This is not to suggest that there is homogeneity of belief within the camp but that the centrally held tenants are seen as the prerequisite for entering into the fold; indeed for continued inclusion.

This said it would not be impossible to produce a list of many points of disagreement between various subsets from within the movement. Everything from eschatology to ecclesiology has the potential to bring division given the right set of circumstances.

From time to time particular subsets develop the loudest voice and therefore, by implication the greatest influence.

Calvinists, Baptists, Pentecostals, charismatics, church growth movements have all been significant voices in shaping the evangelical topography. Usually such voices are initially seen with suspicion but have been able to ride the calls for exclusion on the grounds of orthodoxy due to their popularity.

Their stories are not unlike that of today's fresh thinkers: some of whom have welcomed the label emergent to describe the subset they find themselves within.

Others, like Bell, have earnestly tried to avoid such labels: perhaps in the hope of engendering a wider and deeper conversation.

It seems unavoidable that groups will attempt to define orthodoxy at some level and, by implication, will feel the urge to exclude those who differ significantly at those points that are seen as key.

The sadness is that the call for exclusion often comes at the beginning of the dialogue when questions are being raised.

If individual and groups are to be labelled as heretics for asking key questions about generally accepted views it is likely to create a culture that is all too ready to act as accuser than enquirer.

This stance will only ever lead to a clamping down on the essential element of theological discovery that has taken us from the worst aspects of Christendom to a faith that is able to cope with the nuances of modern life.

Leslie Newbigin once describe the missionary calling as being willing to leave the safety and vantage point of the hill of the cross in order to travel to where another human being exists. In doing so we must risk the notion that they may be right and we may be mistaken whilst trusting that the Holy Spirit will meet us in the dialogue to confirm the work of the cross.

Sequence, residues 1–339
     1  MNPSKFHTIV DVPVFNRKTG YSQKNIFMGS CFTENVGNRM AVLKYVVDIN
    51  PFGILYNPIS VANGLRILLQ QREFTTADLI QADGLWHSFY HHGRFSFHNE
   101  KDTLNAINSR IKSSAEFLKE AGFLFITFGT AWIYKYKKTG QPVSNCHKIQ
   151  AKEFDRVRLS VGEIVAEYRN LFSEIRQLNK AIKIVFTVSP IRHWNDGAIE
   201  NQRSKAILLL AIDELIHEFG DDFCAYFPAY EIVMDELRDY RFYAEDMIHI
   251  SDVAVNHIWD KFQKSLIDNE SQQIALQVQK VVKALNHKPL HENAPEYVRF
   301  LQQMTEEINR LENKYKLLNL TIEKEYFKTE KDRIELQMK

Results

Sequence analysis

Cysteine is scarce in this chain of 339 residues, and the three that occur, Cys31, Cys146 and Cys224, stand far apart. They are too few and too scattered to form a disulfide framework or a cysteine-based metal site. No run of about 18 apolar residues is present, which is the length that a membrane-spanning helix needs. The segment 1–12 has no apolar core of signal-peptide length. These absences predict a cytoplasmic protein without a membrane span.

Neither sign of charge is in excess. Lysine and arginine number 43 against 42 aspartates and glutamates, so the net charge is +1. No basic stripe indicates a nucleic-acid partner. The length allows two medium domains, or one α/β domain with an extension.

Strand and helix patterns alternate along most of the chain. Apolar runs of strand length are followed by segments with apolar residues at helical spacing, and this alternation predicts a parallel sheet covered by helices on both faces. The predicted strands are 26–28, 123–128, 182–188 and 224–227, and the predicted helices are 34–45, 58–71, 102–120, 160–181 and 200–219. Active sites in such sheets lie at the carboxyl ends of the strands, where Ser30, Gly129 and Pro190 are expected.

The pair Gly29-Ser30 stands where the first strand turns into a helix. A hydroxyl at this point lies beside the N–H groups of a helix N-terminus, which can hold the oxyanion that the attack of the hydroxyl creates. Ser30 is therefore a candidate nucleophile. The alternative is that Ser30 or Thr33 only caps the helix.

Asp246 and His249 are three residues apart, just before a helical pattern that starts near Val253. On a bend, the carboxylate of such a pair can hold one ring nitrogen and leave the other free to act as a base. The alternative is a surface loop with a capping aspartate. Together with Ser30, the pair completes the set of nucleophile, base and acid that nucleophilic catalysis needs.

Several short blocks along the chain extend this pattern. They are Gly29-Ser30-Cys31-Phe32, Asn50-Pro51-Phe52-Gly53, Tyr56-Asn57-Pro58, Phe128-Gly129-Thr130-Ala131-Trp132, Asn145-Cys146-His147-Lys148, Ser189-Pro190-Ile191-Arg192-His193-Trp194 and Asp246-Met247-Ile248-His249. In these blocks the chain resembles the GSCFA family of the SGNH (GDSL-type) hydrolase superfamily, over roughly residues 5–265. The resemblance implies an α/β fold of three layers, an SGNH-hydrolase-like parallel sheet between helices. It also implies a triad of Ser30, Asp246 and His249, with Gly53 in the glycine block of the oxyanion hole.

Perhaps church leaders need to adopt a similar stance when looking to build the unity that is so implicitly a part of Christ's passion.

Leaving the safety of our long held doctrines to meet our Christian kinfolk. Taking the risk that they may well be correct we trust that the Holy Spirit will meet us in the dialogue and guide us to truth.

If I am honest I don't sense this willingness in the words of those who call for fellow Christians to be placed outside of their own version of orthodoxy.

We must do better.

Five thoughts on the Rob Bell controversy

1. To those who think they know what the word Evangelical means and feel that all of their congregation believes the same as they do.

Ecclesiological labels don't work anymore.

2. To those who present a firm theological response on every subject.

There is a difference between having a good memory for bible verses and understanding the big story.

3. To those who want to reject people who have genuine 'life' question.

Ignoring important questions does not make your views more correct.

4. To those who spend time trying to defend a religion.

Deciding that someone is OUT of the orthodoxy does not mean they are.

5. To those who want to destroy a man in order to destroy an idea.

You can be wrong even if you were right.

- Posted from my iPhone